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Sometimes 375 square feet feels a whole lot bigger — especially when it's perched high, and at a slight remove, from the density of most of Los Angeles.
"The views in Mount Washington are incredible," says Nada Alic, who writes the short fiction periodical Future You, who moved into her home in the hills of north east L.A. just two months ago. "It never gets old to us."
While the house is still coming together, the studio — which Alic and her partner, a musician, rent out on Airbnb — was the priority. They leveraged its greatest asset — the view — and kept the rest of the decor tasteful and minimal.
"The floor to ceiling windows are my favorite part because you can wake up and see this incredible view of the mountains from your bed," says Alic.
The studio came with concrete floors and, luckily, a full-updated bathroom, and was more or less the ideal blank canvas.
"We tried to make it feel like the kind of place we'd like to stay in," says Alic. "Equal parts eclectic and minimal, accentuating the open feeling of being in nature, trying our best not to obstruct the view."
Ideal for one or two people, the studio is now outfitted with a queen bed, kitchenette, futon, and private bougainvillea-lined courtyard, as well as key art and accent pieces from Society6, where Alic was the editorial director for some time.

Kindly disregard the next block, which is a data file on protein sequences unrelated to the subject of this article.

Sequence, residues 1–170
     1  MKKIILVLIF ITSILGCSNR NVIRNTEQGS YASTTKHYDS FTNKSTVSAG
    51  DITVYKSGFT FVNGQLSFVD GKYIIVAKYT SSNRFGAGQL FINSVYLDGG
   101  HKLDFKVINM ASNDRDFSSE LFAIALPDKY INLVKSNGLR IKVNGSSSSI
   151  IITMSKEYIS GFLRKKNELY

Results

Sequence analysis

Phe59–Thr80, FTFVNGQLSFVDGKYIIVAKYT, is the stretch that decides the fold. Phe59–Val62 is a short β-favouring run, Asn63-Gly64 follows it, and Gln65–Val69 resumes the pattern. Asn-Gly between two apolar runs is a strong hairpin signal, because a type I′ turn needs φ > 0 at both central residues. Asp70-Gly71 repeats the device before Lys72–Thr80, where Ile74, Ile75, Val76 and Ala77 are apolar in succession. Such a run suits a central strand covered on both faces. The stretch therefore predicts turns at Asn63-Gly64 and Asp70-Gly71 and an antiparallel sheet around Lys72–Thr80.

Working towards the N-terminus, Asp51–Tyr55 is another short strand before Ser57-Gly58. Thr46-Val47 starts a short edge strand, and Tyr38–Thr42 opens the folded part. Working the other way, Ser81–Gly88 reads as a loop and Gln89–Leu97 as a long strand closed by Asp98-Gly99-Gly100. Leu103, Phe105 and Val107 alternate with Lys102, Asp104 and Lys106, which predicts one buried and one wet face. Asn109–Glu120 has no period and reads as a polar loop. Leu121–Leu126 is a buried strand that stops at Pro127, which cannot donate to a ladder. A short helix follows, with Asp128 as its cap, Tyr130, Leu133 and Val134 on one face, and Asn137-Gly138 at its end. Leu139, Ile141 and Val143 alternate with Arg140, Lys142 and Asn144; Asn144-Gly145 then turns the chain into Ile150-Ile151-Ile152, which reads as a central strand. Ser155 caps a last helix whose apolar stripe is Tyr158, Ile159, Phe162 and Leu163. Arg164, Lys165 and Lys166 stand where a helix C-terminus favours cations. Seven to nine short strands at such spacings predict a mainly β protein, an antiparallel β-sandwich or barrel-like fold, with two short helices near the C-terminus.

But nothing really compares to the view, which stretches all the way to the Rose Bowl.
"Oof, and the sunsets up there, I can't even talk about it, I'll just start crying," says Alic. "Life-changing."
The mustard yellow futon is from Wayfair. "Our main priority was make it look cool but keep it affordable. We knew there would be a lot of wear and tear from guests so we didn't want to invest in expensive pieces, but we didn't want to compromise on quality," says Alic.
The floor-length mirror, which Alic found on the street, helps make the studio feel bigger than it is. "Since it was such a small space, we wanted to create areas that felt intentional like a workspace, a living room, a bedroom, and kitchen," she says. "We really tried to maximize the space we had without it feeling cluttered, I think we achieved that.
The decor is minimal, eclectic, and charming.
The gallery wall above the bed is an eclectic mix of collage, midcentury modern, and photography.
The large window creates the feeling that you're fully immersed in nature, says Alic. "As artists, being away from the city is super critical for solitude and creativity. There is so much noise and life happening at all times that it can get overwhelming. Our space is so peaceful and quiet that it feels like a little retreat."